overwhelming success, there were considerable expectations from Chandra Sekhar Yeleti, connoisseur of a new genre of relatively low-budget tightly-scripted intelligent films. With Anukokunda Oka Roju (AOR), the magician is back with a clean, simple, frighteningly down-to-earth tale that's both touching and entertaining.
Sahasra (Charmy), a college student, lands up at a fancy Friday party ("more make-up, less clothes") where money and booze are flowing uncontained alongside things more malevolent. Unknowingly drugged at this do, Sahasra can remember nothing when she wakes up a full thirty hours later in her own bed. Starting with this accident, a series of bizarre events throws her life into complete disarray, not the least of which are the mysterious attempts on her life by a different stranger every other day. Who wants her dead and why?
To find out, you have to watch AOR of course, but we can tell you that it's a socially-aware serious film, rib-tickling situational comedy and supremely entertaining thriller, all for the price of one. In this latest work of cinematic genius, Yeleti treats the viewer to a touch of life in various strata of society.
It's hard to believe that in a single seamless story, penniless taxi drivers can co-exist with rain-drenched and appealingly innocent toddlers, struggling young singers can rub noses with the big spenders at their poolside parties and a suspended SI of police can turn his life around and finally crack a case involving a madman with a cult.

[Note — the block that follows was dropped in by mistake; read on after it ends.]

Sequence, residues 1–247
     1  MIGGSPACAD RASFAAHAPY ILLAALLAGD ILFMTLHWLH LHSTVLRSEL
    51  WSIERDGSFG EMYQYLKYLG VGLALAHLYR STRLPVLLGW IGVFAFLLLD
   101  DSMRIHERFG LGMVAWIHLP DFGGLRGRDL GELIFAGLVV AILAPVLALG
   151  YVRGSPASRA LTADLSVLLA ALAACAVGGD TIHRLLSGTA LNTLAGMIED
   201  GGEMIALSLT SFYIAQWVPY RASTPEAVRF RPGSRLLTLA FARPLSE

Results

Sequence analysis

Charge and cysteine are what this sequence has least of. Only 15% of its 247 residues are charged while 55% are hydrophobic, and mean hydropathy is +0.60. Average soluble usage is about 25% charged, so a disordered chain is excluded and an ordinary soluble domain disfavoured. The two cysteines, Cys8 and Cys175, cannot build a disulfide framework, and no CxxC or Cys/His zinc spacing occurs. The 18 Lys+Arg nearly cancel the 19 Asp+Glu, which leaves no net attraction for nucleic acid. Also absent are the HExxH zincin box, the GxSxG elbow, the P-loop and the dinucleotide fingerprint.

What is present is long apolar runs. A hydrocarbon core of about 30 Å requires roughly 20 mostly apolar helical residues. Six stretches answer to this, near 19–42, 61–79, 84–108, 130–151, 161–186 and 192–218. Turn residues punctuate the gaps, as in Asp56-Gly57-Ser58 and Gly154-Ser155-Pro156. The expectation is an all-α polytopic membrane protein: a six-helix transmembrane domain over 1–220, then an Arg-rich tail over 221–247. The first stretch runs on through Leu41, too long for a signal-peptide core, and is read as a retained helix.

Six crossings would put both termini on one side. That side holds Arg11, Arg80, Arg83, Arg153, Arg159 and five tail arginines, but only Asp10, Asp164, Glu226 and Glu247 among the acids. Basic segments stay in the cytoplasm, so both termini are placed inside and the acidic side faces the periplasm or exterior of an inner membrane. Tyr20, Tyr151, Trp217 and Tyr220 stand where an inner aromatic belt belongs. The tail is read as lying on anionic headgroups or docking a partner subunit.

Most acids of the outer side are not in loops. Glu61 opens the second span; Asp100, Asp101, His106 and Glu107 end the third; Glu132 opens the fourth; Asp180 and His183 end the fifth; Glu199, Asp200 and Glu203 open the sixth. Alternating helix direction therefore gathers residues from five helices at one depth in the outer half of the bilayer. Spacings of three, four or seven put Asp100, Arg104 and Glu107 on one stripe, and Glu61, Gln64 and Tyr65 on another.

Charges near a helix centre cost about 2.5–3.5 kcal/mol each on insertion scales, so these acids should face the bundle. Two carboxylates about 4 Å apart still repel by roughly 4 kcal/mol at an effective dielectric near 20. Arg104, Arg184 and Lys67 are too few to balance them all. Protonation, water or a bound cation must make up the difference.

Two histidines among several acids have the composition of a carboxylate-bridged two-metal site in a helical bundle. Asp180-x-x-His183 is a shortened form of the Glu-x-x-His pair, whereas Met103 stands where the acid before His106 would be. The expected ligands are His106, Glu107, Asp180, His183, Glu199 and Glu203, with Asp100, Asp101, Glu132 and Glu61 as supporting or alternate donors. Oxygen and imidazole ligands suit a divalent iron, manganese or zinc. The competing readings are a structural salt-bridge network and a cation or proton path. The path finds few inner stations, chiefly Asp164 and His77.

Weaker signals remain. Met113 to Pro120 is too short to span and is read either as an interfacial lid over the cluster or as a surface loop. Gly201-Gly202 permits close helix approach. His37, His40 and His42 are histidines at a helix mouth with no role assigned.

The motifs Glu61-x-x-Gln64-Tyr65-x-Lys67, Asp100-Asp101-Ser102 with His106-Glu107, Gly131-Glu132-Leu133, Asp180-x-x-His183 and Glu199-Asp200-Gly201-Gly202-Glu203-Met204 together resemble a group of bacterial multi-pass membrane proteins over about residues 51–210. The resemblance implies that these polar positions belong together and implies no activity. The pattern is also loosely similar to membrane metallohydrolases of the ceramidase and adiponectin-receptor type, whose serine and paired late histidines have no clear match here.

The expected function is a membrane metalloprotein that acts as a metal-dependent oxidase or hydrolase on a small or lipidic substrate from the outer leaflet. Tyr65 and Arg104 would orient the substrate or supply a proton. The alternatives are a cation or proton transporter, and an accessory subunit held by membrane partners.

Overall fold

A mad menagerie of the oddest creatures, all of who come together for the briefest of moments to create havoc in each other's lives. But these aren't kiss-and-fly stops; instead, every character's actions, no matter how miniscule, are tied to the main thread eventually.
Technical finesse is right in the saddle along with bang for the buck. Nothing in this movie is out of place, revealing the staggering amount of effort and thought that has gone into this script. And the climax is the best of all - the jigsaw pieces hurled with reckless abandon at the viewer through the movie fall, as though bewitched, into a brilliantly unexpected pattern before your very eyes. Charmy, Sashank and Jagapathi Babu essay the lead roles with ease. You certainly don't find yourself waiting for this treat to end.
AOR is not a parallel cinema offering - it has its share of songs, dances and the all-important love triangle. But everything fits so beautifully that at no time at all does it seem burdensome. The songs by Keeravani are brilliant in themselves, but the experienced singers Sunidhi Chauhan and Shreya Ghosal turn them into sheer ecstasy. Enunciation, though, does take a severe beating. Not classics that will last a few generations, but certainly chart busters to last us a good while.
The absolute lack of clichéd twists in this plot is a stupefying delight. Every time you think you've got this movie figured out, the director stuns you by pulling a new hare out of his hat. Reminiscent of unexpected thrillers like Kshana Kshanam and Money, AOR is Telugu cinema at its new-age best. When we can pull off such wonders, why rehash the same old Tamil and Hindi scripts?
There's no last word on this movie, except that it will be in theaters for a blissfully long time. Long live great cinema.